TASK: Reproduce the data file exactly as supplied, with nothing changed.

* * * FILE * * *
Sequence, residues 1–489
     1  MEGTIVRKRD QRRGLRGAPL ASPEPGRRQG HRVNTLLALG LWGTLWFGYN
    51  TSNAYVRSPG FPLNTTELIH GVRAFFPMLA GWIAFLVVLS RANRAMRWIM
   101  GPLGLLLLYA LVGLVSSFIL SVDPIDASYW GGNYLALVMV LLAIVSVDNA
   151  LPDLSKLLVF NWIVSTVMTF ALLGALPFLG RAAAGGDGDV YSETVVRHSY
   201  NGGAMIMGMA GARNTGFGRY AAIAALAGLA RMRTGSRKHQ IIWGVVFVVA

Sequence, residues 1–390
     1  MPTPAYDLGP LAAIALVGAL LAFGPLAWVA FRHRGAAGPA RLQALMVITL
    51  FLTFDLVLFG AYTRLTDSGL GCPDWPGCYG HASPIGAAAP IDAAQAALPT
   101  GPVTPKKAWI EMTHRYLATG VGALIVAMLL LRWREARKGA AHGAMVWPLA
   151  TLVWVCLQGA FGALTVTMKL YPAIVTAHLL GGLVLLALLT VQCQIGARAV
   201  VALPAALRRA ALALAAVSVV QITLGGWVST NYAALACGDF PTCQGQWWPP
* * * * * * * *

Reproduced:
Sequence, residues 1–489
     1  MEGTIVRKRD QRRGLRGAPL ASPEPGRRQG HRVNTLLALG LWGTLWFGYN
    51  TSNAYVRSPG FPLNTTELIH GVRAFFPMLA GWIAFLVVLS RANRAMRWIM
   101  GPLGLLLLYA LVGLVSSFIL SVDPIDASYW GGNYLALVMV LLAIVSVDNA
   151  LPDLSKLLVF NWIVSTVMTF ALLGALPFLG RAAAGGDGDV YSETVVRHSY
   201  NGGAMIMGMA GARNTGFGRY AAIAALAGLA RMRTGSRKHQ IIWGVVFVVA

Sequence, residues 1–390
     1  MPTPAYDLGP LAAIALVGAL LAFGPLAWVA FRHRGAAGPA RLQALMVITL
    51  FLTFDLVLFG AYTRLTDSGL GCPDWPGCYG HASPIGAAAP IDAAQAALPT
   101  GPVTPKKAWI EMTHRYLATG VGALIVAMLL LRWREARKGA AHGAMVWPLA
   151  TLVWVCLQGA FGALTVTMKL YPAIVTAHLL GGLVLLALLT VQCQIGARAV
   201  VALPAALRRA ALALAAVSVV QITLGGWVST NYAALACGDF PTCQGQWWPP